# Evaluating Improper Integrals

1. Feb 12, 2009

1. The problem statement, all variables and given/known data
Test for convergence:
b. $$\int_0^\infty{e^{-x^2}}$$

2. Relevant equations
Any method you choose to approach the problem in order to test for convergence.

3. The attempt at a solution
First, I attempted to integrate the problem. However, I am not exactly sure how to approach such integration. I would appreciate some hints as to how to approach this. It would help me in continuing to solve this problem.

2. Feb 12, 2009

### w3390

When doing improper integrals, replace the infinity with a variable, A for example. Then proceed through the integral while taking the limit as A approaches infinity. If any part of the process yields an answer of infinity, the integral is divergent.

3. Feb 12, 2009

Yes, I realize what you say, so:

lim (b-> $$\infty$$) $$\int_0^b{e^{-x^2}}$$

I realize that $$e^\infty$$ is infinity, therefore, making it divergent. However, that's wrong because I have to integrate it first. Hence my question, how would I approach integrating $${e^{-x^2}}$$

4. Feb 12, 2009

### Dick

That's not very helpful because there no elementary antiderivative for e^(-x^2). You want to do a comparison test with something you can integrate. For example, if x>1 which is larger, e^(-x) or e^(-x^2)?

5. Feb 12, 2009

Hmm, a comparison test does seem interesting. So lets try this out.
Let $$f(x)=e^{-x^2}$$
and Let$$g(x)=e^{-x}$$
Where $$0\leq{f(x)}\leq{g(x)}$$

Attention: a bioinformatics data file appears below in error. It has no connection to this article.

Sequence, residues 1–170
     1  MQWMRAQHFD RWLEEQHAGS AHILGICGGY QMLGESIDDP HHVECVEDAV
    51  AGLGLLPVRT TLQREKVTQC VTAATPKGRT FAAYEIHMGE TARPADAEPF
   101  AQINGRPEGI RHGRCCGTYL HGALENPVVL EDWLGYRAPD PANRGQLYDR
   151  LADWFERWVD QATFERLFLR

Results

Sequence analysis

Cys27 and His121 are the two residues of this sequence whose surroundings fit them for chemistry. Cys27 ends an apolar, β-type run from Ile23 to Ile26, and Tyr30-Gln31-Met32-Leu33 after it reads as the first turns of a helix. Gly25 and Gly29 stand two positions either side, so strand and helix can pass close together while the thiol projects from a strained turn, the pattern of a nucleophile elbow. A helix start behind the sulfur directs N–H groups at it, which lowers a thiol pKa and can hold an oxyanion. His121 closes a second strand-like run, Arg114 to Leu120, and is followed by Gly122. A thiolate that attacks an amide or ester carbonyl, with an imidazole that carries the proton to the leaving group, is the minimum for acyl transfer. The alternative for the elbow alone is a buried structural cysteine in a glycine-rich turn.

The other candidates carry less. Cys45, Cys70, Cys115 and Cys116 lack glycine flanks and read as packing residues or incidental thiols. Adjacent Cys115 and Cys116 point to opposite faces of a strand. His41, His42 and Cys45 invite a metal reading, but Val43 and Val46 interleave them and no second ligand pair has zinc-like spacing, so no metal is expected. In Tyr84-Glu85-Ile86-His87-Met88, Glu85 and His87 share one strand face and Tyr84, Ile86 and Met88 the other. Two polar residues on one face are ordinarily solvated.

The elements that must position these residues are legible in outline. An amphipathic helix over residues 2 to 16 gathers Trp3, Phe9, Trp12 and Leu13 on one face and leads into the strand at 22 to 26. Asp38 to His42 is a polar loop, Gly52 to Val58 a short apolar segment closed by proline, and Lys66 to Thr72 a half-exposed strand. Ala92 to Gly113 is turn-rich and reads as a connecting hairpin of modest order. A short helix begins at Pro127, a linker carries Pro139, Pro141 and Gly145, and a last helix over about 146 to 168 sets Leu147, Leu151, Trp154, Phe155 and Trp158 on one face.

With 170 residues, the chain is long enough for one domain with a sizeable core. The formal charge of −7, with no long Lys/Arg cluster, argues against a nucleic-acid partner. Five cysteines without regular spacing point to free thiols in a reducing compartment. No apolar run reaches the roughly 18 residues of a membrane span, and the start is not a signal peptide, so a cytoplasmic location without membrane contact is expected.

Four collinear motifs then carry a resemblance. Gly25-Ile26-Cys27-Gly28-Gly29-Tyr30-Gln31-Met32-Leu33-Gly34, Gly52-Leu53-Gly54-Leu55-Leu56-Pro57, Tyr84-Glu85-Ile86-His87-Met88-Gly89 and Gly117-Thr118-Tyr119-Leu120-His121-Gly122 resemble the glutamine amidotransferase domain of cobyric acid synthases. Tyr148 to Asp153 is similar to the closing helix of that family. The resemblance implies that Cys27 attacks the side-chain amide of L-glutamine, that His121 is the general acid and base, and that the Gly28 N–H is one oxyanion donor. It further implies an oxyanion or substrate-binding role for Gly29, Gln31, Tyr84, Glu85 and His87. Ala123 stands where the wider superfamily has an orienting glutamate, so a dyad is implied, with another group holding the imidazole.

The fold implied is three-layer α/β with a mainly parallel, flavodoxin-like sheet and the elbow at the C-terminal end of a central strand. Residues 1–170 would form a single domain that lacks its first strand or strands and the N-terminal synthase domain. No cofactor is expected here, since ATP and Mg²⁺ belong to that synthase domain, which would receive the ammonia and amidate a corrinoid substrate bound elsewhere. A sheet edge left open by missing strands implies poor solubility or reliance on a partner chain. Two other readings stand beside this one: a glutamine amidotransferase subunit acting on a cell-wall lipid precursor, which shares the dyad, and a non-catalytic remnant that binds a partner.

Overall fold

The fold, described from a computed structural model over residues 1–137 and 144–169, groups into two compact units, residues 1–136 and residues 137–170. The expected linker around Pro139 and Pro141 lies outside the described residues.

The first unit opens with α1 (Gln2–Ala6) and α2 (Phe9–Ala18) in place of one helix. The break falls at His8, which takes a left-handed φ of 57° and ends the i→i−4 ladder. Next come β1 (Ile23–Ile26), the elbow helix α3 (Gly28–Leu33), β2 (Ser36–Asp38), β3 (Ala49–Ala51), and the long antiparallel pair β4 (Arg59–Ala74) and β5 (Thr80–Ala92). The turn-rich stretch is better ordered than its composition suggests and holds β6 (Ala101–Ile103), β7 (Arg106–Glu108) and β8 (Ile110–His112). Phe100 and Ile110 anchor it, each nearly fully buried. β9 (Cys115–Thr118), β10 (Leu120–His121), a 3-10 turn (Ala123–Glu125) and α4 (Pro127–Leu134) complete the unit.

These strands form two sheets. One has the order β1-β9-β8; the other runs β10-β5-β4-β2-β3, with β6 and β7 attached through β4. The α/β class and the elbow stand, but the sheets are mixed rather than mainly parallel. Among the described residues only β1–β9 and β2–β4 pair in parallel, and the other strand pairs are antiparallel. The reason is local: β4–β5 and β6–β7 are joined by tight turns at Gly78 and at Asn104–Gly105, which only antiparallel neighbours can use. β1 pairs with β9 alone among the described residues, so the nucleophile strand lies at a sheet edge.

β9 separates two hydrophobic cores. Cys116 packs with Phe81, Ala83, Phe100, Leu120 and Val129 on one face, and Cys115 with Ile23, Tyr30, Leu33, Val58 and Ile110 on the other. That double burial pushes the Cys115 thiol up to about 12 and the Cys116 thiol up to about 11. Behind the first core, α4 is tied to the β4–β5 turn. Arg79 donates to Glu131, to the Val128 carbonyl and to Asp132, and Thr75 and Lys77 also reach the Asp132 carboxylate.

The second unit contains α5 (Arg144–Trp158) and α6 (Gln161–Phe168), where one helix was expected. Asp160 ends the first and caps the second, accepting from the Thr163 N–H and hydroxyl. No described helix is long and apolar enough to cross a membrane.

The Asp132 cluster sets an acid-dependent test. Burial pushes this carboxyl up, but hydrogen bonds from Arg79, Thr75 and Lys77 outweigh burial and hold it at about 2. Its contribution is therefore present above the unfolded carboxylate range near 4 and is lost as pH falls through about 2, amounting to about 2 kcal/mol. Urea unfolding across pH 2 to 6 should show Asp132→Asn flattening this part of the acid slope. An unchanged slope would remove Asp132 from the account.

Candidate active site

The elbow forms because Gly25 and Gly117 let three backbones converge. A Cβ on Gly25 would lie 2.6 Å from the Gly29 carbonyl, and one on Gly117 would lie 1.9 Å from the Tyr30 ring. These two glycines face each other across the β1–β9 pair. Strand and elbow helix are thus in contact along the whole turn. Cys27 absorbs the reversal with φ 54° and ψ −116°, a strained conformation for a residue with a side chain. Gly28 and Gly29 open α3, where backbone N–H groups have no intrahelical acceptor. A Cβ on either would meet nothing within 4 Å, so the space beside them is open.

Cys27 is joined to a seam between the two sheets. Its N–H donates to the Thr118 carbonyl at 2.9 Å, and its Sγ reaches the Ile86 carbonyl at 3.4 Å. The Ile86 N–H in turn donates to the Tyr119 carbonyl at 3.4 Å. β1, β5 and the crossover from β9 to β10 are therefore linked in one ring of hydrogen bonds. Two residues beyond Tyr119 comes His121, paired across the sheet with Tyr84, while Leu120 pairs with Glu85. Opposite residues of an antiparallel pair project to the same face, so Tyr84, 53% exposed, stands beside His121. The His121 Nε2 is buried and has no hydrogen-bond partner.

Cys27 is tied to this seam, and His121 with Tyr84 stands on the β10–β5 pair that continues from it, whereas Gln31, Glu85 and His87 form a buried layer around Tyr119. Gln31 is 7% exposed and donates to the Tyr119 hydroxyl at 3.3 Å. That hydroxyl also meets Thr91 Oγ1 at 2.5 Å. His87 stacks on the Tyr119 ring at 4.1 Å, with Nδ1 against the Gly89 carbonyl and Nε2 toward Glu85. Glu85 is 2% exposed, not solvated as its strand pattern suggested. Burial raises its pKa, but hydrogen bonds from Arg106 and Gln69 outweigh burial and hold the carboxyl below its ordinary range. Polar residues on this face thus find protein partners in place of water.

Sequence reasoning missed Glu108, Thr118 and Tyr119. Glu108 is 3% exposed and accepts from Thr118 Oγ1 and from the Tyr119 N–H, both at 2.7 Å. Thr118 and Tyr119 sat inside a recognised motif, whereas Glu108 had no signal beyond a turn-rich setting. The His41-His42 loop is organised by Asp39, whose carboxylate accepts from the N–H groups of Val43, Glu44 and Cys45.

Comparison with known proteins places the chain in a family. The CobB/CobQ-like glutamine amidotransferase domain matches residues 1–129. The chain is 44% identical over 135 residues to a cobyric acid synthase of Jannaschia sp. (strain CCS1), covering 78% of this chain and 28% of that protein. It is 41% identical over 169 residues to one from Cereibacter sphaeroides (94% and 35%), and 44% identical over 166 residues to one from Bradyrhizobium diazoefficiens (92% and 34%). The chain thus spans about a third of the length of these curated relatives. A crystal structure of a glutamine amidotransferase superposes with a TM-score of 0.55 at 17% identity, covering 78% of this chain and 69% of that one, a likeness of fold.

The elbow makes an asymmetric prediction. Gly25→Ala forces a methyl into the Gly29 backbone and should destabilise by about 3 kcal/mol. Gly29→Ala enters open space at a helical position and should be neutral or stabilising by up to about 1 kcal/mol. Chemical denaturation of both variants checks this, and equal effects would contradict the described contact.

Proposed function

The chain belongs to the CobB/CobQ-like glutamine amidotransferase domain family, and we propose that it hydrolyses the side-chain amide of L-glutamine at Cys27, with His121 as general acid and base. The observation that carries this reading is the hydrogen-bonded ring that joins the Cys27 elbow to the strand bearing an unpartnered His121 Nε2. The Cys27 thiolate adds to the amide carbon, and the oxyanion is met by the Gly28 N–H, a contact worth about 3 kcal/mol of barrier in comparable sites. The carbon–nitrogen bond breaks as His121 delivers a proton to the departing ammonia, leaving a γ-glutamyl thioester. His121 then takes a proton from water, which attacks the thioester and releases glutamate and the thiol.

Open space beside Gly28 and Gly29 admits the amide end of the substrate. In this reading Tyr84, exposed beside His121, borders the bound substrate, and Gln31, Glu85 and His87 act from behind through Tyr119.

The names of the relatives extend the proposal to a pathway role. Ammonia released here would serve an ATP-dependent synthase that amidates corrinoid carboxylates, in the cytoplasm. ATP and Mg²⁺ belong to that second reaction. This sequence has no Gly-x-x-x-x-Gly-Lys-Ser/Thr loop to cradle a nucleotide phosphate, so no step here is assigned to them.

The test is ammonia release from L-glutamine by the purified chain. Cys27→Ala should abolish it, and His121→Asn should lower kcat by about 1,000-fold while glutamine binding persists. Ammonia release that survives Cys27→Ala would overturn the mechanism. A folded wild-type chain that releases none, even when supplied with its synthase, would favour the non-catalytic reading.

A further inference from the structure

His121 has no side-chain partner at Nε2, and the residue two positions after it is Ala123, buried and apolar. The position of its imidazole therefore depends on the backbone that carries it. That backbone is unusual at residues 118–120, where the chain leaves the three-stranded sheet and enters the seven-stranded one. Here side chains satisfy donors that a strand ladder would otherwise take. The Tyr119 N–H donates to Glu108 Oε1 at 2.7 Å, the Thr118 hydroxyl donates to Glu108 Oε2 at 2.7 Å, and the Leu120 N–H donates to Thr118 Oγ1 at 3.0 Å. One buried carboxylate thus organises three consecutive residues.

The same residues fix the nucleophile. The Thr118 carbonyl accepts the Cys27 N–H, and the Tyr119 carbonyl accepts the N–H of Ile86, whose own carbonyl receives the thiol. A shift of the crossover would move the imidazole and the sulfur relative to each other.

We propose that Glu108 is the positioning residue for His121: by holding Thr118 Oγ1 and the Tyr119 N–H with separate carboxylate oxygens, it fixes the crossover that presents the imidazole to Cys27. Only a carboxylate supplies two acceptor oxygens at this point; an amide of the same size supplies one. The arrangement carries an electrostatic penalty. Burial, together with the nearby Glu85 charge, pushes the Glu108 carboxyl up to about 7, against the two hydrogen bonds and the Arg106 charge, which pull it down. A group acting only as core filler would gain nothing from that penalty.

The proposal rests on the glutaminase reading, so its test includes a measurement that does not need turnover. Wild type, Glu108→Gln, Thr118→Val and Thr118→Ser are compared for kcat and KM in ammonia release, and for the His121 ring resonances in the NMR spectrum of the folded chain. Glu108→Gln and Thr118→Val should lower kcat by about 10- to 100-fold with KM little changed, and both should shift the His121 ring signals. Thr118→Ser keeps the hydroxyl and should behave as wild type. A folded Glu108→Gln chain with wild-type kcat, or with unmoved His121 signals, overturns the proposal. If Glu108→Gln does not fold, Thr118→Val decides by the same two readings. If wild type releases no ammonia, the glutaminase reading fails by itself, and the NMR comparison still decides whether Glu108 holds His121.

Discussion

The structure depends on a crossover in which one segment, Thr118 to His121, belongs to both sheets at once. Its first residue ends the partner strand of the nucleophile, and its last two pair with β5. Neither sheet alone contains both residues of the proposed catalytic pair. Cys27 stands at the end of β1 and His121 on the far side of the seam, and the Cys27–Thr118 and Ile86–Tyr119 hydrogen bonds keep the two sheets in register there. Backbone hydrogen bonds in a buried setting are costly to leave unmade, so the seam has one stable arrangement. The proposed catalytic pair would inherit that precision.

Given the comparison test, if g(x) is convergent, we can assume that f(x) is also convergent.

$$\stackrel{lim}{b\rightarrow\infty}\int_0^b{e^{-x}}$$

$$\stackrel{lim}{b\rightarrow\infty}[-e^{-x}]\stackrel{b}{0}$$

$$\stackrel{lim}{b\rightarrow\infty}[-e^{-b} + 1]$$

$$\stackrel{lim}{b\rightarrow\infty}[-e^{-\infty} + 1]$$

Errr. The answer I am getting is that g(x) is divergent. I can draw no conclusion from this.

Ohh no wait!

$$\stackrel{lim}{b\rightarrow\infty}[1/-e^{\infty} + 1]$$

$$\stackrel{lim}{b\rightarrow\infty}[1/{\infty} + 1]$$

$$\stackrel{lim}{b\rightarrow\infty}[0 + 1]$$

CONVERGENT!

:) Thanks Dick & W3390, for quick responses and help.

6. Feb 12, 2009

### Dick

Err. e^(-infinity) is zero. Isn't it? I.e. limit b->infinity e^(-b)=0. g(x) is NOT divergent. And f(x)<=g(x) only for x>=1. Why don't you have to worry about 0<=x<1? It's good to think about these things.

7. Feb 12, 2009

Yeah, It is, I figured it out as you can see haha. However, the f(x) <= g(x) is only for x>=1, we don't worry about x=0 -> x<1 because.. hmm, I'm honestly not sure.

8. Feb 13, 2009

### Dick

You're pretty sharp. I'll give you two minutes to figure it out and then I'm off to bed. Hint: you know the integral of f(x) converges in [1,infinity) now. Why it converges over [0,1] is even easier.

9. Feb 13, 2009

Ok lets just solve this real quickly.

See if f(x) converges from 0->1.

Using the same, if g(x) converges, we'd be using the same steps, except from 0 to 1 now. This would give you

-1/e + 1. Given that they are all constants (its approaching a value), we know it converges.

I know this is probably not the theoretical answer you are seeking, I just seem to be missing something.

10. Feb 13, 2009

### Dick

Nah, simpler than that. 0<=f(x)<=1 for x in [0,1]. For x>1 compare with g(x)=exp(-x). For x<1 just compare with g(x)=1. Sorry, I rushed you. I know you would have figured it out.

11. Feb 13, 2009